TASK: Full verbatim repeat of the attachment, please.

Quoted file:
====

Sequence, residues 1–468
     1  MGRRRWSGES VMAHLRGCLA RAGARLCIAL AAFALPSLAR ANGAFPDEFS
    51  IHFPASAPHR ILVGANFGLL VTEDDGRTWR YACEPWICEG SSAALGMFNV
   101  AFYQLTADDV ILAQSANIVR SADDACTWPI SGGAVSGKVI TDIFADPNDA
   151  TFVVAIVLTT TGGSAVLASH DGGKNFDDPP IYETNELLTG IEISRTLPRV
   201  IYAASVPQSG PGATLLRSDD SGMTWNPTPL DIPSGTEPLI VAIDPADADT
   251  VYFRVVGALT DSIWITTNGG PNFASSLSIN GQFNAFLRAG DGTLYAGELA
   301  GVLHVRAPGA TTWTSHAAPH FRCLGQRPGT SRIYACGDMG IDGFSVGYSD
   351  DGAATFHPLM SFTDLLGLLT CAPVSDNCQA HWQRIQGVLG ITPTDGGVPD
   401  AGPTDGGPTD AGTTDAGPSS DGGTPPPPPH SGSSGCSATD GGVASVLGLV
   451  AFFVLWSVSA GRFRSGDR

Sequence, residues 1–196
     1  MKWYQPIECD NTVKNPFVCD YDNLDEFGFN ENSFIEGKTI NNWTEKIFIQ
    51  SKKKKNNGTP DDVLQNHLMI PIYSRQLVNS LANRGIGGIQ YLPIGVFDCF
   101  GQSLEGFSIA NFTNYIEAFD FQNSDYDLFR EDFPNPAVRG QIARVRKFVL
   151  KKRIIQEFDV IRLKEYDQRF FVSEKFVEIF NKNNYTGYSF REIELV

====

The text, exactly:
Sequence, residues 1–468
     1  MGRRRWSGES VMAHLRGCLA RAGARLCIAL AAFALPSLAR ANGAFPDEFS
    51  IHFPASAPHR ILVGANFGLL VTEDDGRTWR YACEPWICEG SSAALGMFNV
   101  AFYQLTADDV ILAQSANIVR SADDACTWPI SGGAVSGKVI TDIFADPNDA
   151  TFVVAIVLTT TGGSAVLASH DGGKNFDDPP IYETNELLTG IEISRTLPRV
   201  IYAASVPQSG PGATLLRSDD SGMTWNPTPL DIPSGTEPLI VAIDPADADT
   251  VYFRVVGALT DSIWITTNGG PNFASSLSIN GQFNAFLRAG DGTLYAGELA
   301  GVLHVRAPGA TTWTSHAAPH FRCLGQRPGT SRIYACGDMG IDGFSVGYSD
   351  DGAATFHPLM SFTDLLGLLT CAPVSDNCQA HWQRIQGVLG ITPTDGGVPD
   401  AGPTDGGPTD AGTTDAGPSS DGGTPPPPPH SGSSGCSATD GGVASVLGLV
   451  AFFVLWSVSA GRFRSGDR

Sequence, residues 1–196
     1  MKWYQPIECD NTVKNPFVCD YDNLDEFGFN ENSFIEGKTI NNWTEKIFIQ
    51  SKKKKNNGTP DDVLQNHLMI PIYSRQLVNS LANRGIGGIQ YLPIGVFDCF
   101  GQSLEGFSIA NFTNYIEAFD FQNSDYDLFR EDFPNPAVRG QIARVRKFVL
   151  KKRIIQEFDV IRLKEYDQRF FVSEKFVEIF NKNNYTGYSF REIELV